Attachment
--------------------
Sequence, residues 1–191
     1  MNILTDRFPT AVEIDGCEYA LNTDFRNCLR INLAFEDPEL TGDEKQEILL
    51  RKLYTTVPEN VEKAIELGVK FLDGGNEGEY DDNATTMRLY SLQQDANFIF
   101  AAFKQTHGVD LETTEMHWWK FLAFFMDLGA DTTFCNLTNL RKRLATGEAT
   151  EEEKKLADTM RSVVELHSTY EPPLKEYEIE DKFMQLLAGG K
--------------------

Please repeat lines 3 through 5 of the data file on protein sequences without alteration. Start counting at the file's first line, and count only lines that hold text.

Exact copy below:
    51  RKLYTTVPEN VEKAIELGVK FLDGGNEGEY DDNATTMRLY SLQQDANFIF
   101  AAFKQTHGVD LETTEMHWWK FLAFFMDLGA DTTFCNLTNL RKRLATGEAT
   151  EEEKKLADTM RSVVELHSTY EPPLKEYEIE DKFMQLLAGG K